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Thread: Morality Clauses: Should publishers 'police' writers' behaviour?

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  1. #39
    Cultured vulture Albedo's Avatar
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    Quote Originally Posted by VeryBigBeard View Post
    +1 to Albedo's post as well. This is exactly right.

    It's the absolute worst in journalism, and I say this as someone with a journalism degree who doesn't mind being on Twitter, personally. But I remember coming through my program in 2010ish, right around the time Twitter started getting big. The profs were still a bit skeevy about us finding sources on social media. Being from a rural area, I often covered rural issues. That, and sports. As such, I was hardly on social at all. But a lot of my colleagues got all their sources there, and now, just 6-8 years after I graduated (2012), the entire program is built around journalists being on Twitter and when a meme breaks it's like a car chase just came over the newsroom radio.

    I don't know why Twitter, in particular, creates such an impenetrable bubble. I think there are design reasons, but I can't say off-hand what they are specifically. Twitter's user-base problems are actually pretty well documented. It has nothing like the penetration of Facebook. Hardly anybody in the community where I live is on it. I helped run a local election campaign last year, and I was the only person, including the candidate, who was on social. We barely used Twitter at all. I don't think either of our rival candidates were on it, either.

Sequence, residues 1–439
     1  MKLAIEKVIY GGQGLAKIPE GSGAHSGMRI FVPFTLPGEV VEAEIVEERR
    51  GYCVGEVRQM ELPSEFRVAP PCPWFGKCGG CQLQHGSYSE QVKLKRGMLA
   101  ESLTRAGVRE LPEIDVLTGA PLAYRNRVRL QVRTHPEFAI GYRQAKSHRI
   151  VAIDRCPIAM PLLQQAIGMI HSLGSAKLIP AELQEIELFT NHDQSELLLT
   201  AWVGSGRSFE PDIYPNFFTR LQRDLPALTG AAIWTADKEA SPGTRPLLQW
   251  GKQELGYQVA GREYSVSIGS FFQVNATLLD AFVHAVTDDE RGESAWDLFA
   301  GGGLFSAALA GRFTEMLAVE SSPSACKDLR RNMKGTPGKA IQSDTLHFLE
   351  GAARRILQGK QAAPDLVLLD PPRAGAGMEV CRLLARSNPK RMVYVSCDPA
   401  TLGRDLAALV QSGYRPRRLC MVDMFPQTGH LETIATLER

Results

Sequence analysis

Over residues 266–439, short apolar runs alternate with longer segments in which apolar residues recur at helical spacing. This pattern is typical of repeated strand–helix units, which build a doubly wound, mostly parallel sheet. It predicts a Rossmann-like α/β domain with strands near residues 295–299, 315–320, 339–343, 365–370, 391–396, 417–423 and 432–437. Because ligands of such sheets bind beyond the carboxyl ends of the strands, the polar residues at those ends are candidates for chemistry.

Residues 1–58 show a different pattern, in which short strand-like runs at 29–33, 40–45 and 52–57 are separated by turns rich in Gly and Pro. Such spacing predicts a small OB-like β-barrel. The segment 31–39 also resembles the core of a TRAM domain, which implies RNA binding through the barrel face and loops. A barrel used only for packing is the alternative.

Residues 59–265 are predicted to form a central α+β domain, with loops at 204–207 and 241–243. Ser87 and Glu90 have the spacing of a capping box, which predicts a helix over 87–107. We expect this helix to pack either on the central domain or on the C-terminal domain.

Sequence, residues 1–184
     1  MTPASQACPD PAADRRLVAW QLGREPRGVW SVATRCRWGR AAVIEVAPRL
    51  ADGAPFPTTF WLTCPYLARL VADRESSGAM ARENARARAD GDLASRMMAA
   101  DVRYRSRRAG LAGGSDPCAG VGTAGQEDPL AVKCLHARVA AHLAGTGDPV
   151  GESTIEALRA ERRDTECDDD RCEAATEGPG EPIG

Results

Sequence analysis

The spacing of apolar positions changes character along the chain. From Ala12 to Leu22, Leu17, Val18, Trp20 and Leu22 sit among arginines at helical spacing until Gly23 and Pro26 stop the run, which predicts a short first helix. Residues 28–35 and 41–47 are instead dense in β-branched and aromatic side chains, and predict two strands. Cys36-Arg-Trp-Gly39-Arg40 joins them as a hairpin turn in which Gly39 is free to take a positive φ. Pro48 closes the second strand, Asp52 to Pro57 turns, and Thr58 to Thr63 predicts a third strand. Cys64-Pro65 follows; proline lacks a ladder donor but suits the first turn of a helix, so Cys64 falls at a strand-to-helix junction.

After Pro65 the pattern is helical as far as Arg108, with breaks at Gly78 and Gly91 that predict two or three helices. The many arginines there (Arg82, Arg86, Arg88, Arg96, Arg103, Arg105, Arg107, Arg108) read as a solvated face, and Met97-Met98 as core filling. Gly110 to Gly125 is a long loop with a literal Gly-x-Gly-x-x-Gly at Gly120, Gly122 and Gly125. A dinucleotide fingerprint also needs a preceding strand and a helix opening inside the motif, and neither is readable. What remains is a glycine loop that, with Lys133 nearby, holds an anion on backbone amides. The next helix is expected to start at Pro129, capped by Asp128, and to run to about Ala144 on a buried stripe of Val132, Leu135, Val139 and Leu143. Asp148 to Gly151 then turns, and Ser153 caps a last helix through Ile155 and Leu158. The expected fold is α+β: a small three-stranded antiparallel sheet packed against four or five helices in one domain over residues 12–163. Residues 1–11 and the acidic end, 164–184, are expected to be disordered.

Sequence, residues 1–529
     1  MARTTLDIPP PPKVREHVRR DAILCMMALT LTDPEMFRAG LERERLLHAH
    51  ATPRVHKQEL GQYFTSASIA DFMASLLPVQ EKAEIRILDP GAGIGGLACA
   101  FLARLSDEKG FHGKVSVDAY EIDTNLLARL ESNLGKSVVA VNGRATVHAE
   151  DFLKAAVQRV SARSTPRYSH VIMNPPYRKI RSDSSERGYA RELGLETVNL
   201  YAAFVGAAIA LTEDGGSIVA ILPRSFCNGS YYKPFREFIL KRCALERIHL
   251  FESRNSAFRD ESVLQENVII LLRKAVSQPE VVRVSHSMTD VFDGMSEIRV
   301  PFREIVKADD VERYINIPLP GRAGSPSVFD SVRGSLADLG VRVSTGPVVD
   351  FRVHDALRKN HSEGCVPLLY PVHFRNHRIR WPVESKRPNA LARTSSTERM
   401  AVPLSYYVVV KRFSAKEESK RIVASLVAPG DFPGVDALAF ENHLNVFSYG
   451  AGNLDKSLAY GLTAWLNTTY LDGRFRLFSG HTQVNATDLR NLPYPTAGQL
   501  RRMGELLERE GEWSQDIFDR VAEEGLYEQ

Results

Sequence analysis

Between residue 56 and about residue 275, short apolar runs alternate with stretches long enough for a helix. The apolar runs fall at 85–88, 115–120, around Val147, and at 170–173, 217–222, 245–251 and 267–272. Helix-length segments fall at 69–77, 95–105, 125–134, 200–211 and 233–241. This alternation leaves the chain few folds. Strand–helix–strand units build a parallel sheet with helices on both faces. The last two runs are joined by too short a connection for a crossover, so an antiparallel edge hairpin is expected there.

If Twitter accurately represented the zeitgeist, Hillary Clinton would be in the White House.
    I wonder if some of what makes Twitter (in particular) so attractive to certain industry cliques is the same that makes it impenetrable (and offputting?) to outsiders. It's opaque to join and comes without instructions for its non-intuitive interface. The etiquette around following, retweeting and liking just sounds more convoluted and ridiculous each time I hear an attempt to explain it. It's like a dying country club with lots of secret handshakes and no effort made to attract new members (and when you finally get in you find out it's full of Nazi frogs asking you if you're ethnically Jewish). I suppose the bonhomie might be fun if everyone in your field is interacting through it and you can deal with the trolls, but if not ...

    Yeah. There's a reason that Facebook has ~80% penetrance in most Western markets and Twitter has ~5-10%, despite us all knowing that Facebook's an all-consuming, data hoovering evil empire. It's cos it's not a pain in the arse to use and there aren't f*#&ing Nazis everywhere.
    Last edited by Albedo; 07-12-2018 at 06:15 PM.
    Alex

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